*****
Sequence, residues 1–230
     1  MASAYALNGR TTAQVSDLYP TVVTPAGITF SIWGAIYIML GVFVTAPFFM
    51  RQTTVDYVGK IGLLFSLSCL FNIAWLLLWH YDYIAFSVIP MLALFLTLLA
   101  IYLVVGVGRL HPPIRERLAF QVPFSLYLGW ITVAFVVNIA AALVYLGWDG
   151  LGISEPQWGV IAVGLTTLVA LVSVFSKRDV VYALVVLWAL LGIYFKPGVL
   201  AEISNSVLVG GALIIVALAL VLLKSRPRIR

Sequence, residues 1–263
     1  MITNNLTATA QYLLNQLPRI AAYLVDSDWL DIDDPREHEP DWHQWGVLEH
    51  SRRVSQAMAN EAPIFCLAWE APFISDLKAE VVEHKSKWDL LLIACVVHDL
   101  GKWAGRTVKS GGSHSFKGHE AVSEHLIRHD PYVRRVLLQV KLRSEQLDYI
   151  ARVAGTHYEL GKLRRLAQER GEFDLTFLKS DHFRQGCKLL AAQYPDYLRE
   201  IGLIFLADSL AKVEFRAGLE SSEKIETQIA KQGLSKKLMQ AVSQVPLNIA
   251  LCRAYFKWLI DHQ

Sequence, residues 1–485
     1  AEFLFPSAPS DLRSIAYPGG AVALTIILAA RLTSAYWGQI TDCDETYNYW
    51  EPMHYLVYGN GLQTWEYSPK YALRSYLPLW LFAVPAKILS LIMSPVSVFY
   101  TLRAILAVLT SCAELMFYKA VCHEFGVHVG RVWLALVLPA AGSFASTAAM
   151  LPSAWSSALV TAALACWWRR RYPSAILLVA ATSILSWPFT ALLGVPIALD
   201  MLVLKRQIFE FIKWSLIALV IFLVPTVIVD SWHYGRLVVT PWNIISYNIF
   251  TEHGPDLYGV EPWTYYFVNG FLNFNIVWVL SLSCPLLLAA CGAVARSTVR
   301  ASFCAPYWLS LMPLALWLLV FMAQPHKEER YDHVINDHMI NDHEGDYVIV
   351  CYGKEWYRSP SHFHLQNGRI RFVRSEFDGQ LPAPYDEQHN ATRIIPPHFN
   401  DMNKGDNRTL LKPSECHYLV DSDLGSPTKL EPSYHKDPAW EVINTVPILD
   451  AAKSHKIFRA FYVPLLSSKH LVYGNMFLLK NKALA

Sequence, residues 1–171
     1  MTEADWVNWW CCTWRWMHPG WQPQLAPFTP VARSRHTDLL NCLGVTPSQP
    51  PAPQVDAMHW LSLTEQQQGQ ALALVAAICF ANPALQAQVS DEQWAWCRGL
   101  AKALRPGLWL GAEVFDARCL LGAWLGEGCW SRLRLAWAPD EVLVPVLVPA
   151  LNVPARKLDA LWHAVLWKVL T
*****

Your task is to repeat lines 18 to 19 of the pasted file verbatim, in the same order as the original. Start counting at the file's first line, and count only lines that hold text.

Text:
   151  LPSAWSSALV TAALACWWRR RYPSAILLVA ATSILSWPFT ALLGVPIALD
   201  MLVLKRQIFE FIKWSLIALV IFLVPTVIVD SWHYGRLVVT PWNIISYNIF